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Grow it yourself diary

I VISITED my friends Suzie and Mike Cahn recently at their organic farm, Carraig Dulra, in the mountains at Glenealy, and came away with a large dose of greenhouse envy. This is a particularly toxic form of envy for the GIYer.

They bought and restored a beautiful old commercial plant nursery greenhouse, in which they grow according to permaculture principles, and run courses.

In addition to feeling envious, I was also struck by how incredibly productive their greenhouse is, even at this early stage of the year. In particular, while my peas and broad beans are just emerging from the ground around now, they sowed over-wintering varieties in the greenhouse before Christmas and they are already flowering.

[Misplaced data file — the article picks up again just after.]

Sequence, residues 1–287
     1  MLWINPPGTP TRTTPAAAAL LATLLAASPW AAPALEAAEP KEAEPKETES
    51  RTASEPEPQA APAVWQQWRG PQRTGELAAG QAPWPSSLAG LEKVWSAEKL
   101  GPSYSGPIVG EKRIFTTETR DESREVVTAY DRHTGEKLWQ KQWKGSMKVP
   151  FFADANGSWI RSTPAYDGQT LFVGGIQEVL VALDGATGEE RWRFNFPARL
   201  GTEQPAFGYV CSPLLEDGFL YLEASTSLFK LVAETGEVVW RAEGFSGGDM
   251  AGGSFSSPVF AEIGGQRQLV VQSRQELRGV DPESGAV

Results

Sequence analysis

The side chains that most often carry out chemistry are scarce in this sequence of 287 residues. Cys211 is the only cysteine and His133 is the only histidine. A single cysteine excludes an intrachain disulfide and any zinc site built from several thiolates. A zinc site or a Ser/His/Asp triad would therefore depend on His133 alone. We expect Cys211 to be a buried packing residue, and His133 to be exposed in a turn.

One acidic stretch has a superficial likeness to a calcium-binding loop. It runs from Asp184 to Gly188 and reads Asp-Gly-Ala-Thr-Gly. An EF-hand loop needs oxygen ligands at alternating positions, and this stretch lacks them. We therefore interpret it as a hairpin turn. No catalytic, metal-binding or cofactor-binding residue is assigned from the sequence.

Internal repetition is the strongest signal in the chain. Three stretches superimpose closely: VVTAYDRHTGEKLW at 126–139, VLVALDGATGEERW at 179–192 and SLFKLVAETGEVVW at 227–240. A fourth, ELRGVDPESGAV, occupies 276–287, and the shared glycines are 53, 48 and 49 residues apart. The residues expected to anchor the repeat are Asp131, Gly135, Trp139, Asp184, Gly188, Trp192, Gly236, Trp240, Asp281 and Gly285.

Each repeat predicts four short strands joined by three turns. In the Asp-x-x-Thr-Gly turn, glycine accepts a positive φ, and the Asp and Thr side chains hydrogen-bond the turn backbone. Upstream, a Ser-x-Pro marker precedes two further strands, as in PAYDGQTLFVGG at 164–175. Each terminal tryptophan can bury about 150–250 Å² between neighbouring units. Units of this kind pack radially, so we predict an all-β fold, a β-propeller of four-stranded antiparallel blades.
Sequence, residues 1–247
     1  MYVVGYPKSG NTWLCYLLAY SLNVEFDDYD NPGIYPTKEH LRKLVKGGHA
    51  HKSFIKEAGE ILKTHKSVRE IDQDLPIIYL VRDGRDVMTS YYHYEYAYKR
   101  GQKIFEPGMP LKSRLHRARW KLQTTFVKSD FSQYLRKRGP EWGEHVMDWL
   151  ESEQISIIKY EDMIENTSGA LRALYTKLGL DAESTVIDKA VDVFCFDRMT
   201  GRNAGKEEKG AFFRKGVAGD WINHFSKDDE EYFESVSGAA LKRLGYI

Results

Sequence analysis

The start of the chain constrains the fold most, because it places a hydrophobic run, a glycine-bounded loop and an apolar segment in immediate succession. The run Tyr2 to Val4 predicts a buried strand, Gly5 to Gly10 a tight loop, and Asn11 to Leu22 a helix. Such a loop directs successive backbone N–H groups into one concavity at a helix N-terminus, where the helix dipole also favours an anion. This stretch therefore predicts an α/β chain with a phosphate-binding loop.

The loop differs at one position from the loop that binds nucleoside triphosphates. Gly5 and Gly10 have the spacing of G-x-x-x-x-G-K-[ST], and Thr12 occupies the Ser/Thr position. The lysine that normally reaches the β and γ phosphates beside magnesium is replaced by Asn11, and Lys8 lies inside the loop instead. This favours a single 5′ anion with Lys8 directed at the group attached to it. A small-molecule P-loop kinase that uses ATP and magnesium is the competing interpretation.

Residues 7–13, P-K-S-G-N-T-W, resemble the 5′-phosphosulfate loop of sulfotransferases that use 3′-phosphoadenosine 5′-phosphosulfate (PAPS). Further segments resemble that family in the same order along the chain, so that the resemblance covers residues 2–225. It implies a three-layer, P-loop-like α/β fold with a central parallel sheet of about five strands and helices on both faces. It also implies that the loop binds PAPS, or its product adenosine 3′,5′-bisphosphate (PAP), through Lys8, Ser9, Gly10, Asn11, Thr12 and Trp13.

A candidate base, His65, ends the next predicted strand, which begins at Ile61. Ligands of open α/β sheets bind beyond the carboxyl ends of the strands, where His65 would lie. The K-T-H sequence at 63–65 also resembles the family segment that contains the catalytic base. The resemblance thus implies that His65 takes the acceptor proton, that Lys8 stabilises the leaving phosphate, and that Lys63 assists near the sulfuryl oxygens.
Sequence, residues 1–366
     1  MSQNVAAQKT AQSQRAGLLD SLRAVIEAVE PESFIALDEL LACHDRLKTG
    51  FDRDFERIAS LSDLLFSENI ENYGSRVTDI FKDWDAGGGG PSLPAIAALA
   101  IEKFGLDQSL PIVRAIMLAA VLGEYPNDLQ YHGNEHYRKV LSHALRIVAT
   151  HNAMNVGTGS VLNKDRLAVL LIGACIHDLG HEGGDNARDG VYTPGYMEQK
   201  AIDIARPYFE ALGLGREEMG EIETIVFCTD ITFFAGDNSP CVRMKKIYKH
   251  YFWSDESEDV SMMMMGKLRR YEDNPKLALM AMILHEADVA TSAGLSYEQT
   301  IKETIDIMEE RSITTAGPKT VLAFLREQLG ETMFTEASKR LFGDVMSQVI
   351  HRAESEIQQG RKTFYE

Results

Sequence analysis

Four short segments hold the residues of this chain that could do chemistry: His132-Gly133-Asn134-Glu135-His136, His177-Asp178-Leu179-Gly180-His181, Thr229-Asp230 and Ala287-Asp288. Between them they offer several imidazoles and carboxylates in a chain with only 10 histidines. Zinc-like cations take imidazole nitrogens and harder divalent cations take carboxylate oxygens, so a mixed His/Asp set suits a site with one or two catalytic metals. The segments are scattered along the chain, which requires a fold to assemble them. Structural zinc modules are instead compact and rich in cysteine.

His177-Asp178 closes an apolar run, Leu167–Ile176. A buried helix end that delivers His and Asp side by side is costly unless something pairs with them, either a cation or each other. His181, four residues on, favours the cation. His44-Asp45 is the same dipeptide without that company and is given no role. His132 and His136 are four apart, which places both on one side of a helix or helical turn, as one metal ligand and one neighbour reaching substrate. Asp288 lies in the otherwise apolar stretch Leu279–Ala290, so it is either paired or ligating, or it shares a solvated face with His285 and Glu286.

If you sowed over-wintering broad beans, they are likely to be in good shape now. As soon as beans appear at the base of your broad bean plants you can 'pinch out' the growing tips, which encourages the plant to focus on bean production rather than growing any taller. It also is said to prevent blackfly.

The growing tip is at the very top of the plant – remove the tip with two leaves attached. You can eat these, incidentally!

I don't necessarily think you need to stake broad beans outside – they generally are quite hardy and won't fall over. If you have a windy site or if they appear to be falling over, you can put four small posts or bamboo poles around the broad bean bed and put a few lengths of string or twine around the posts.

This will keep the plants from falling over. The broad beans we grow in the greenhouse seem to be more tender, and do need to be supported.

Irish Independent